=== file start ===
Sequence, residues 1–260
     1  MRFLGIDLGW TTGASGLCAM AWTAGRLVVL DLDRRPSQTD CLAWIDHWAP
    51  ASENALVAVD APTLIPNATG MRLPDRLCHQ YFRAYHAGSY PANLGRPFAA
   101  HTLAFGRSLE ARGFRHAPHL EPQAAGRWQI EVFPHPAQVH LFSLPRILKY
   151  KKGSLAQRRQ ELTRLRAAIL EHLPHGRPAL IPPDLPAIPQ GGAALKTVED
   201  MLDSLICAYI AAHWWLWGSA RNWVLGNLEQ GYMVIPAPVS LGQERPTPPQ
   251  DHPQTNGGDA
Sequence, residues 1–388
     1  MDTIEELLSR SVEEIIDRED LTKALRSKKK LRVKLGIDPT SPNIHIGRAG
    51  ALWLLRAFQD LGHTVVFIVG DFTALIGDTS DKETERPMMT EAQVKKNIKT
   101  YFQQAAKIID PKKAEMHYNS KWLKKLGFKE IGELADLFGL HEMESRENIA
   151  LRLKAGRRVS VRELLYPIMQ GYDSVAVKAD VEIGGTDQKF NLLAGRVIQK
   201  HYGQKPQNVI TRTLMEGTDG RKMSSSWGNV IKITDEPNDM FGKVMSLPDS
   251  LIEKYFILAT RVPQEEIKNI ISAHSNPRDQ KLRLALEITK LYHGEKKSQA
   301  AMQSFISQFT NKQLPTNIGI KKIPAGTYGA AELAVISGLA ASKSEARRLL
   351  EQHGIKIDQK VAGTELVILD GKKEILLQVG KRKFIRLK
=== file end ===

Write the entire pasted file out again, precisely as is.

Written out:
Sequence, residues 1–260
     1  MRFLGIDLGW TTGASGLCAM AWTAGRLVVL DLDRRPSQTD CLAWIDHWAP
    51  ASENALVAVD APTLIPNATG MRLPDRLCHQ YFRAYHAGSY PANLGRPFAA
   101  HTLAFGRSLE ARGFRHAPHL EPQAAGRWQI EVFPHPAQVH LFSLPRILKY
   151  KKGSLAQRRQ ELTRLRAAIL EHLPHGRPAL IPPDLPAIPQ GGAALKTVED
   201  MLDSLICAYI AAHWWLWGSA RNWVLGNLEQ GYMVIPAPVS LGQERPTPPQ
   251  DHPQTNGGDA
Sequence, residues 1–388
     1  MDTIEELLSR SVEEIIDRED LTKALRSKKK LRVKLGIDPT SPNIHIGRAG
    51  ALWLLRAFQD LGHTVVFIVG DFTALIGDTS DKETERPMMT EAQVKKNIKT
   101  YFQQAAKIID PKKAEMHYNS KWLKKLGFKE IGELADLFGL HEMESRENIA
   151  LRLKAGRRVS VRELLYPIMQ GYDSVAVKAD VEIGGTDQKF NLLAGRVIQK
   201  HYGQKPQNVI TRTLMEGTDG RKMSSSWGNV IKITDEPNDM FGKVMSLPDS
   251  LIEKYFILAT RVPQEEIKNI ISAHSNPRDQ KLRLALEITK LYHGEKKSQA
   301  AMQSFISQFT NKQLPTNIGI KKIPAGTYGA AELAVISGLA ASKSEARRLL
   351  EQHGIKIDQK VAGTELVILD GKKEILLQVG KRKFIRLK